Elena Velez combines Midwestern craftsmanship with couture

One day before Elena Velez’s New York Fashion Week show – a show that involved some seriously killer clothes, but more importantly, looked like the start of something exciting in a young artist’s career – was a picture of contained chaos. At her studio in Greenpoint, Brooklyn, Velez and her team put the finishing touches on her fall 2022 collection, titled “Year One—Maidenhood & Its Labors,” which premiered at the Freehand Hotel in Manhattan on Feb. 11. But it wouldn’t be Fashion Week if it weren’t for some sort of drama – so when Velez discusses the aforementioned “finishing touches”, she really means ditching clothing concepts and starting from scratch, rolling with the changes that come with fittings and “last minute disasters.

“We know it’s coming! We’re about six months ahead,” Velez laughs at Zoom as she wanders around the sprawling industrial space she shares with her partner. “I don’t know why it always comes back to the last 24 hours.”

This kind of experience is normal, even for the most seasoned designers. But Velez, 27, is only showing his second official collection. Despite this, his designs are fully evolved, thoughtful, and filled with the stories of his life.

“You have to start from a place of identity, and I have nothing else to say,” she said. Velez, an only child, grew up in Milwaukee and spent his early years in shipyards, engine rooms and docks with his mother, who worked as a captain on the Great Lakes. As she explored these industrial spaces, her interest in working with fabric and form grew; though she didn’t know what to do with that interest until she realized fashion was a viable career. She studied at Parsons for undergraduate and Central Saint Martins in London for postgraduate. At the first, she learned to develop her artistic abilities into a brand that would appeal to investors and consumers. At the latter, she was encouraged to take wild risks, to embrace making something hideous, something beyond the bounds of taste, and then embellishing it after the fact. Both experiences, she found, revealed a tension between “very Midwestern blue-collar, traditional craftsmanship through a fine art perspective.”

“There were so many different unique opportunities to bring Milwaukee back into my story and reference it as a point of authenticity in the work,” Velez adds. “Accepting and rejecting my unglamorous Midwestern upbringing is an angle that resonates with people.”

This theme is a constant, rooted in the philosophy behind each of Velez’s collections. But for “Year One,” it translates to a character study of “our wife,” she says. “There is a very paradoxical narrative of the brand that stems from my relationship with my mother and my idea of ​​femininity and beauty – what I wanted from her as a child – pretty, light and delicate – compared to what I want from it now: a more casual and industrious femininity that is aggressive and enduring and prioritizes function over aesthetics She shows a few pieces of clothing (which are all in various stages of development). ‘completion) to demonstrate: A tailored dress-length jacket features a lapel that runs all the way around the body. those cool indentations and pleats that are elegant, but also a little butch.” A dress made from a World War II parachute with a corset-like construction is on trend while still fulfilling its original purpose. third look she shares is the bones of a dress, pinned to a form; the garment is made of an oilcloth laminate that was once also a parachute. “We’re going to turn this into a beautiful dress,” she says. “It will be brutal and severe, but also charming.”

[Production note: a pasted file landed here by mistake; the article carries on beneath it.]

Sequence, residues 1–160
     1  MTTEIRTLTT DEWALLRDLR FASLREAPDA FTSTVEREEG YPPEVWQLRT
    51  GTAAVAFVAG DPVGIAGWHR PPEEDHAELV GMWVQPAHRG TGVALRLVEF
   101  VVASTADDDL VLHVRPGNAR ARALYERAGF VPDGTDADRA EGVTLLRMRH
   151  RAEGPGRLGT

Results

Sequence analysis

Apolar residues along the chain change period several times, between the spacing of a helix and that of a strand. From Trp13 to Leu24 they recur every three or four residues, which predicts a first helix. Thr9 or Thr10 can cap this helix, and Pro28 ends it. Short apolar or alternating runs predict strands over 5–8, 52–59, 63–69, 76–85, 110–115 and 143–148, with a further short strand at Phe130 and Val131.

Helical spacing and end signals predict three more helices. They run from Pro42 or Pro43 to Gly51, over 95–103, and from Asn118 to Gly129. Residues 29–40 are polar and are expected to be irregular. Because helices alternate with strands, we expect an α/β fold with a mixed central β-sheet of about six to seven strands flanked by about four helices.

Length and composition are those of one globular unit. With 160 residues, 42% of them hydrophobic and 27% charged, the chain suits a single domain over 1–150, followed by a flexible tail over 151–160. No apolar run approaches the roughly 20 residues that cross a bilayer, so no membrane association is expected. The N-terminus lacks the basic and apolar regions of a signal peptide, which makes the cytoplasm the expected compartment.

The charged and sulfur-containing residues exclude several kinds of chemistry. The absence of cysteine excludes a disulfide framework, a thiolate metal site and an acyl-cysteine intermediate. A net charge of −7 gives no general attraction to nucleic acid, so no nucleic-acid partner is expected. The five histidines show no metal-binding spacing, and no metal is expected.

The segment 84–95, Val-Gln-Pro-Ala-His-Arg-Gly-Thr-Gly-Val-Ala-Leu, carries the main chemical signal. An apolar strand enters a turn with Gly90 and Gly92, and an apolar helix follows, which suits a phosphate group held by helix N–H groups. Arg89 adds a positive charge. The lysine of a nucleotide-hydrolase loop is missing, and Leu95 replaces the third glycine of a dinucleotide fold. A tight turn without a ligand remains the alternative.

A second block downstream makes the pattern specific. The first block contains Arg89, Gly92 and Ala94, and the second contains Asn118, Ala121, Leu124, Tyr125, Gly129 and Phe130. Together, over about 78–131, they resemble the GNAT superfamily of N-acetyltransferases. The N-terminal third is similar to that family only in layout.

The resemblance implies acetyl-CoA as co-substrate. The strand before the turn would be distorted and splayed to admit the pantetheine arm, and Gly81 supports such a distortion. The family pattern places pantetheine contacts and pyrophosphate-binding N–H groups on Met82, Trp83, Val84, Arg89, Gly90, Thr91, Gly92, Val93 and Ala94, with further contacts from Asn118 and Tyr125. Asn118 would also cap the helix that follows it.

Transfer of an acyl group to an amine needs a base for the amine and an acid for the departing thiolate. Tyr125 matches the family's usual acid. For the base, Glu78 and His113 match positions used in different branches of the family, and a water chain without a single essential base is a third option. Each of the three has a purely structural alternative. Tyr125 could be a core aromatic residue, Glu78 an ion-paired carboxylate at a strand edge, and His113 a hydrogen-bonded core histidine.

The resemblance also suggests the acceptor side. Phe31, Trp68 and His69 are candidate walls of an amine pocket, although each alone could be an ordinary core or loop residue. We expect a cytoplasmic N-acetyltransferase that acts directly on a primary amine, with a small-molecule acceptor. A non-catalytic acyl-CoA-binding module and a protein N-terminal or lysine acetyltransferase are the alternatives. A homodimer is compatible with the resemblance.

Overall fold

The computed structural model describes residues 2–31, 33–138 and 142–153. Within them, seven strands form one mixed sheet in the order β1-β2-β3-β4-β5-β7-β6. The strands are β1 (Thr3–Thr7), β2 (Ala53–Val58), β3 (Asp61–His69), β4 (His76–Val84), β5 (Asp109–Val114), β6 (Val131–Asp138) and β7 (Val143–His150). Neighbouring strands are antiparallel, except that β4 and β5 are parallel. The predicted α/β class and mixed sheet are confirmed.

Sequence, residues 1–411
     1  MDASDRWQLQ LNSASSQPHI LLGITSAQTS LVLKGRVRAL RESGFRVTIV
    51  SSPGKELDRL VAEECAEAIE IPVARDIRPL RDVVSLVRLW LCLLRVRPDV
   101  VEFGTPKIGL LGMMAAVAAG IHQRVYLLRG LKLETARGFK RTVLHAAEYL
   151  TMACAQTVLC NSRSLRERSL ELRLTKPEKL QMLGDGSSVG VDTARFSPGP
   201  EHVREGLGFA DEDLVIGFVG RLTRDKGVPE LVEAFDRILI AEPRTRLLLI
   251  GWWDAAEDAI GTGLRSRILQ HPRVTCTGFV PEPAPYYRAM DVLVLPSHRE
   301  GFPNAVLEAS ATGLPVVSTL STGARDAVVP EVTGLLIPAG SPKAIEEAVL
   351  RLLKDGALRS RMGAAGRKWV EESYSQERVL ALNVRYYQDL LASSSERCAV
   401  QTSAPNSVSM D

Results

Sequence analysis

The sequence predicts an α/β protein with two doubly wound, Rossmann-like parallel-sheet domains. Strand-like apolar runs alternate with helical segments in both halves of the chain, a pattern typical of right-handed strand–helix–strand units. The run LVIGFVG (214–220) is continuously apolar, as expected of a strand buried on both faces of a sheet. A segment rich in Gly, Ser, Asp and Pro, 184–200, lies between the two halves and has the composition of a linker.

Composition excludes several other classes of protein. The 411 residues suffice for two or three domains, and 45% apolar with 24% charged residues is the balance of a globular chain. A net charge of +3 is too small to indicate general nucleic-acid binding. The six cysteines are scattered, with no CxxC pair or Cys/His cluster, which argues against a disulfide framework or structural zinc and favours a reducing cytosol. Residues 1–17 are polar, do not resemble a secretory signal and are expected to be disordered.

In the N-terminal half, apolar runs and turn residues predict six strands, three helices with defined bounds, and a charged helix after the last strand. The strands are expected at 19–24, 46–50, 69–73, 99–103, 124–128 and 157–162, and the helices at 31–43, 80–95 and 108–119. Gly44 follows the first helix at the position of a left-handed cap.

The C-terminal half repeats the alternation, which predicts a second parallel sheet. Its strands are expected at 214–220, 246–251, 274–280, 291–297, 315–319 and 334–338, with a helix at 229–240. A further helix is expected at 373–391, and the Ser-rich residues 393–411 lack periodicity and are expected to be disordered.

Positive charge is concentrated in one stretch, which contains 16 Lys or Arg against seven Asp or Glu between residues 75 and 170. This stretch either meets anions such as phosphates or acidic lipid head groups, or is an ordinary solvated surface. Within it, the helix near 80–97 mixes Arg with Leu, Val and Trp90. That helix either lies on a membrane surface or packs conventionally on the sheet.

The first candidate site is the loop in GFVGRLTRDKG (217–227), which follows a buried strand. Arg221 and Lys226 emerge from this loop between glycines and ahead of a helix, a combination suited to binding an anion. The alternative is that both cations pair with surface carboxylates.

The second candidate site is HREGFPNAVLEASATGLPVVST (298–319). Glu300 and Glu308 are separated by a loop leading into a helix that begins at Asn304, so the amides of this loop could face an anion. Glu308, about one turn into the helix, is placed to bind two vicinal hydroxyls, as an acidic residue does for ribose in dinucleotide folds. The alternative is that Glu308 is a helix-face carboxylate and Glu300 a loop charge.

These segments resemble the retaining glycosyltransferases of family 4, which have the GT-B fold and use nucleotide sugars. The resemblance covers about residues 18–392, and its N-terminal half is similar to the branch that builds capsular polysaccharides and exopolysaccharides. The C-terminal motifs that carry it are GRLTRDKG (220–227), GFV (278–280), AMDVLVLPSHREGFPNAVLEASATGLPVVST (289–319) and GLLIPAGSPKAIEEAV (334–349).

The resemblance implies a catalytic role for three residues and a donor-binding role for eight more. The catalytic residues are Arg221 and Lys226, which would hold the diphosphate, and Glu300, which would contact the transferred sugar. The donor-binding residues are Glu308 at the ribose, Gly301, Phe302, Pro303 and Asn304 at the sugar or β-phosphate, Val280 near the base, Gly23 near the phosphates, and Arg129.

When I see this dress in its finished state at Elena Velez’s presentation, it is exactly as described – an off-white strapless dress with a high slit and gathered pleats at the bodice. Any trace of chaos or unpreparedness from the day before has disappeared. Inside the Baroque Georgia Room at the Freehand, Velez and her team have created their own world, one that marries industry and a certain maritime roughness with all sorts of feminine archetypes. The “Belle Epoque prostitute,” as Velez described her to me the day before, manifests herself in a transparent dress with an elastic cutout around the model’s belly; the “certified forklift girl, who looks like midwestern tractor glamour,” wears a pair of JNCO-sized black pants with silver hardware, and a “spiritualist farmer” opens the show wearing an off-white crepe dress with cutouts, holding a piece of burning incense in a hanging censer. The models are adorned with pieces of fabric around their chin that wrap around the back of their head. Their hands are covered in charcoal up to their elbows, and their lipstick is dark and smudged all over their faces, like dirty angels. Their blank expressions convey the distinct feeling of demonic possession. It’s a scene from the fanciest horror movie you’ve ever seen.

There’s another element of Velez’s upbringing that plays into every garment she creates: the designer is half-Puerto Rican, a country she grew up visiting “here and there.” “My relationship with Puerto Rico was very strange,” she says. “I was raised by my mother and my father is Puerto Rican. I have kind of a weak relationship with her, unfortunately. But as anyone of mixed ancestry will tell you, growing up half and half doesn’t always translate to a literal interpretation of two cultures. It’s a fusion of ever-changing identities, a constant struggle to understand each other while channeling all cultural paradoxes into a single human experience. As Velez bows out at the end of the parade, she waves and gives kisses, then walks straight into the photographers’ pit at the end of the runway to give her dad a hug.

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